Winkler Takes Us to School

November 2013

Anthony Winkler, God Carlos (New York: Akashic Books, 2012); 215 pages; ISBN: 9781617751394 (paperback)

Anthony Winkler, The Family Mansion (New York: Akashic Books, 2013); 256 pages; ISBN: 9781617751660 (paperback)

In God Carlos and The Family Mansion, Anthony Winkler takes on the complex task of telling the history of Jamaica, a country captured by the Spanish in 1492, with the coming of Christopher Columbus. Within fifty years of Columbus’s arrival, the Spanish eradicated the indigenous population and began the importation of African slaves to fulfill the colonizers’ labor needs. The English took the island from the Spanish in 1655 and escalated the importation of Africans to work the sugar plantations.

Though Winkler chooses to cover the two periods of occupation in separate texts—the Spanish occupation in God Carlos, and in The Family Mansion, Jamaica under British rule—both stories are so similar in tone, feel, and force that they could easily be chapters of a larger narrative. Thus, the reader is able to see with spellbinding clarity the similarities between the two occupying forces and the ambitions that drove them to the disastrous ends that were a result of their colonial rule. In one passage Winkler lays bare the absurd ideologies that could easily have informed many of the gruesome decisions of colonial ruler:


“You mean to tell me, you sailed all the way from Spain to this godforsaken Island for no other reason but sightseeing?”

“No senor,” he whispered as though he told a shameful secret, “I do have another reason, I am seeking a legacy. I would like some part of this new land to be named after me.

. . . “Everything in this island already has an Indian name. But we pay no attention to it. They call it one thing and we call it another.”

“And whose name prevails?”

“The one who has the writing iron and gunpowder.” (God Carlos, 135)

Here we see the mindset of the European with little or no reputation in his country who comes to the Caribbean to seek a legacy. It did not matter to him that the place was already populated and all the parts of the country already named. He has no reservations in reformatting the landscape as one would reformat a computer hard drive, deleting any hint of the indigenous population as if they never existed, then, with impunity, renaming the landscape and rewriting the history, and enforcing the travesty with violence.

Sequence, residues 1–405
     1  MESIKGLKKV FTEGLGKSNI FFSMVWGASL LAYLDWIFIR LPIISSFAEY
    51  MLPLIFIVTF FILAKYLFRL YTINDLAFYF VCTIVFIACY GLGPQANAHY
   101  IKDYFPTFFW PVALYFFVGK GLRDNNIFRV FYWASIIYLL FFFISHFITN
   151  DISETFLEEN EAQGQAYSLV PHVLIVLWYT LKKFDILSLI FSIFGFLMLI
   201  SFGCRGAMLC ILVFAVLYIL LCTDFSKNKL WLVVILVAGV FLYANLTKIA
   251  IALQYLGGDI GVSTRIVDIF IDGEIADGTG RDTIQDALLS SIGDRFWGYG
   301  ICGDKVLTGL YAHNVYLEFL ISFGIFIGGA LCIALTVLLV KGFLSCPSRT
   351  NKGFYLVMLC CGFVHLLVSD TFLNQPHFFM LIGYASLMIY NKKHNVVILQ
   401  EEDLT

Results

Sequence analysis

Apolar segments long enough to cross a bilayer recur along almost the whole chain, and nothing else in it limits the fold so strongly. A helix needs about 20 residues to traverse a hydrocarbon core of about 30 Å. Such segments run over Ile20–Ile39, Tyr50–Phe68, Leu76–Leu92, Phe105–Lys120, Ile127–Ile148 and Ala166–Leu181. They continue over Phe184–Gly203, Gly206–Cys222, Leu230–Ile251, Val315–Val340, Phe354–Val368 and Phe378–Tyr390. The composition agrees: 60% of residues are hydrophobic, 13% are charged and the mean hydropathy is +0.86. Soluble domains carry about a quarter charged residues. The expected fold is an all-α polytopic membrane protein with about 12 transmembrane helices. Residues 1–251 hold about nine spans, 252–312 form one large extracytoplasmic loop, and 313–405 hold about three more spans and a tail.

These bold and unflinching narratives lay stark and bare before us the story of our history with all its sordid and filthy absurdities. From a slave complaining of a loss of status because his master is not flogging him enough, to the constant raping and pillaging by the Europeans without any thought or expectation of retribution or consequences, the inhumanity represented in Winkler’s novels remind us that the cruelty of slavery lacked all semblance of reason.

In God Carlos we meet the filthy Spanish seaman Carlos, little more than a vagrant, originating from a place a little more than a pig sty. He is able to transform his sense of self into that of a God because he takes his nickname seriously and misunderstands the reassurance of his atheist captain when he comments, “So if someone calls you God Carlos, it is not a bad thing. You might as well be God, since there is no other” (GC, 59).

Carlos uses his power and freedom to impose his delusional ideals on the welcoming, hospitable inhabitants of the Caribbean, with all the diseased and brutal consequences.

In The Family Mansion we meet the incompetent and worthless Englishman Hartley, the product of a background similarly decadent to that of Carlos. Armed with nothing but his penis, his ignorance, and a bored ineptitude, he sees himself as lord and master of a large plantation, wantonly raping as he goes, though he is managing slaves with a keener intelligence and a greater knowledge than his own. But he is validated and empowered by a system that allows him to impose with impunity his own diseased savagery on the slaves, just as Carlos did on the natives—operating without a sense of decency or justice and empowered by the force of arms and cruelty of the society that spawned him.

This is evident in a conversation between Hartley and the overseer, who wishes to enact punishment in advance:


“One thing that stops them [the slaves] is fear. Fear of what we do to them. I think it’s time to hang another head.” . . .

 “That’s what I’ll do. I’ll hang a head today. . . . I’ll have it put where everyone going to the fields can see it.”

“But how do you know anyone will do anything that deserves the death penalty?”

“Here the death penalty is not deserved, it’s applied. And I’m the one who applies it.” (The Family Mansion, 175)